I am taking the passing ash cloud as an occasion to dust off my collection of Cinegrams, a late-1930s to early 1940s series of British movie programs I recently set out to acquire. Immemorabilia, you might call them. Not quite first-rate souvenirs of, for the most part, less-than-classic films like The Return of the Scarlet Pimpernel, or worse. These cheaply printed ephemera were designed—quite pointlessly, it seems—to encourage folks to keep alive their memories of something that may well have been forgettable to begin with. Sure, why not pay a little extra for a few stills of a picture that wasn’t much to look at while in motion? And why not pay still more to keep your “Film Memories” in a self-binding case, with your name on it— in gilt-lettering, no less? That was the offer made to British moviegoers anno 1937, who purchased Cinegram No. 14 to prevent Non-Stop New York from seeming all too fleeting.
Perhaps, I am confusing “forgettable” with “forgotten.” Non-Stop New York which is readily available online, has a lot going for it, quite apart from being a fast-paced romantic vehicle for John Loder and Anna Lee, helmed by Lee’s husband, Robert Stevenson, who would go on to make Flubber and Mary Poppins soar at the box office.
Efficiently if somewhat routinely lensed, this Gaumont-British production might have served as a project for the company’s most notable director, Alfred Hitchcock. Substituting airlanes for tracks, it’s the The Lady Vanishes in the realm of the birds. Except that, in this case, the lady—the young and innocent girl who knew too much—refuses to vanish, which makes the man whose secret she knows all the more eager to see to her disappearance.
The main attraction of Non-Stop New York is not its contrived plot, its charming leads or its rich assortment of goons and ganefs. Rather, it is the film’s setting, the futuristic plane aboard which this pursuit reaches its thrilling climax. It is a large, multi-story aircraft resembling a luxury liner—right down to the outdoor deck on which windblown lovers kiss by moonlight and villains go for the kill. There’s plenty of room for some old-fashioned hide and seek, as passengers are not crowded together but retreat into the privacy of their own cabins. Quite an extravagance, this, considering that the imagined travel time of eighteen hours hardly warrants accommodations fit for on a sea voyage, which mode of transatlantic crossing yet served as a point of reference to the production designers who conceived the vessel.
It took Christopher Columbus ten weeks to cross the Atlantic Ocean, Cinegram No. 14 educated its readers. “Today, ten hours seem to be sufficient to complete the same journey.” Set in the seemingly foreseeable future of 1939, Non-Stop New York
anticipates the regular air service which before long [that is, after the end of the wartime air raids that, even in the age of Guernica, purveyors of escapist entertainment did not trouble themselves to predict] will be flying regularly across the North Atlantic and carrying passengers overnight between London and New York. Already survey flights are being carried out by Imperial Airways and Pan American Airways and these flights have shown that such a service is not longer a dream of the fiction writer, but something which to-morrow will be as commonplace as the many daily services of to-day between London and Paris.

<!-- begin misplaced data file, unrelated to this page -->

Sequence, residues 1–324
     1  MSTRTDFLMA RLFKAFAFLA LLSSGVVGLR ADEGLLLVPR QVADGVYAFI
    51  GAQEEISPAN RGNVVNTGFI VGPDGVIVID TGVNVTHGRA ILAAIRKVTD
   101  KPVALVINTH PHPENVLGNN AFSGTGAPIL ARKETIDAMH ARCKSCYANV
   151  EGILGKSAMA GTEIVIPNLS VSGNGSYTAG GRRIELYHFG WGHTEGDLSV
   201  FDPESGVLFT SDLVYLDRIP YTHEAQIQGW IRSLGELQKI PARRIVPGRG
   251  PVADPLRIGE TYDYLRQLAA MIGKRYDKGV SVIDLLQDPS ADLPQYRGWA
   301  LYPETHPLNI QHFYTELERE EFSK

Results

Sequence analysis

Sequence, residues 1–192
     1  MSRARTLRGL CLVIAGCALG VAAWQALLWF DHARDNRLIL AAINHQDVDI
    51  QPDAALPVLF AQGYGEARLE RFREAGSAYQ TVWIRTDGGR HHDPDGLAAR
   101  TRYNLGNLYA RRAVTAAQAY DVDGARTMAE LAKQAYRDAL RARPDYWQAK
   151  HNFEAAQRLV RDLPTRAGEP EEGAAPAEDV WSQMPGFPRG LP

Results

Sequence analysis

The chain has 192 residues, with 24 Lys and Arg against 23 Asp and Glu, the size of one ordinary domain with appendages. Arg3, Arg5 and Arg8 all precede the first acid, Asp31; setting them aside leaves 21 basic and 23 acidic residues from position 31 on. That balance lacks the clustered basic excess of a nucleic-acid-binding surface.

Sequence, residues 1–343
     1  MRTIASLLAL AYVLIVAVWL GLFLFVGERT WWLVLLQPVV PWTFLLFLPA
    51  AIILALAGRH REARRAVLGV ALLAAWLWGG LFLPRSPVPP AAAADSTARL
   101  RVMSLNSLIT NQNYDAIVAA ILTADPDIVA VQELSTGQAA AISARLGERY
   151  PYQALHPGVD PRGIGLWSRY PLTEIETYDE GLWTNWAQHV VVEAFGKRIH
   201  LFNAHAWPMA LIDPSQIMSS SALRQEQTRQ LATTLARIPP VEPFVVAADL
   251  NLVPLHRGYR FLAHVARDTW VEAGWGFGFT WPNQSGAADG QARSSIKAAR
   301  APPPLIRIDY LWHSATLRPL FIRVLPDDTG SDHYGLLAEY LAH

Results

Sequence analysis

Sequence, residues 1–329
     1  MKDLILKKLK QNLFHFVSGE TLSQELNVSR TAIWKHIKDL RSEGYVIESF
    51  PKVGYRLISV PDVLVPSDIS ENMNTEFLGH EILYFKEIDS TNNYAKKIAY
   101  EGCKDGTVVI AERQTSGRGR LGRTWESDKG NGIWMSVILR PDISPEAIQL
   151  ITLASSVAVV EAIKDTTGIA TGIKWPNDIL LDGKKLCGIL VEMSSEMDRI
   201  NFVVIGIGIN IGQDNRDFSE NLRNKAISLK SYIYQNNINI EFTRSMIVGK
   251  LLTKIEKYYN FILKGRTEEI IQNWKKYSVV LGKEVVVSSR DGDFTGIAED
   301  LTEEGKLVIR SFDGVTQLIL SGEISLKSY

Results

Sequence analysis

The first experimental flights were made in the Summer of 1937. The British company made a series of flights with two of the Empire class flying boats, the “Caledonia” and the “Cambria.” The terminal points of these flights were Southampton and New York and the route followed was by way of Foynes, on the west coast of Ireland across the Atlantic, 1992 miles, to Botwood, Newfoundland. From there the flying boats went to New York by way of Montreal.
In all, 5 two-way crossings were made and these were carried out without incident and with such certainty that they reached the other side of the Atlantic within a few minutes of schedule.
On the last eastward journey the “Cambria” set up an all time record, making the 1992 miles in 10 hrs. 33 min. or at an average speed of nearly 190 m.p.h.
These flying boats will not be used for the Atlantic service when passengers are carried but it is probably that flying boats of the same type, but with greater power and greater ranger will be used. These flying boats may have a cruising speed of 250 m.p.h., and carry 20-30 passengers in a degree of comfort equal to that of the present luxury liner.
With its promise of a jet-setting tomorrow, a title like Non-Stop New York must have sounded thrilling to picture-goers anno 1937, albeit not nearly as thrilling as such a promise is to any present-day passenger awaiting the all-clear for departure at one of Britain’s dormant airports—among them a friend of ours whose plans for a birthday celebration in Gotham are being pulverized by the largest export of a cash-strapped nation to whom volcanic activity appears to be a natural substitute for banking.
Movies like Non-Stop New York and collectibles such as Cinegram No. 14 remind me that, in living memory, long distance air travel was rare and special indeed. They remind me as well of one momentous April morning in 1985—some quarter century ago—when my younger self first boarded a transatlantic flight to the exhilarating and treacherous metropolis that was New York City. Back then, we still applauded the captain who returned us safely to earth; nowadays, we merely moan when we are grounded for whatever strikes us non-stoppers as too long . . .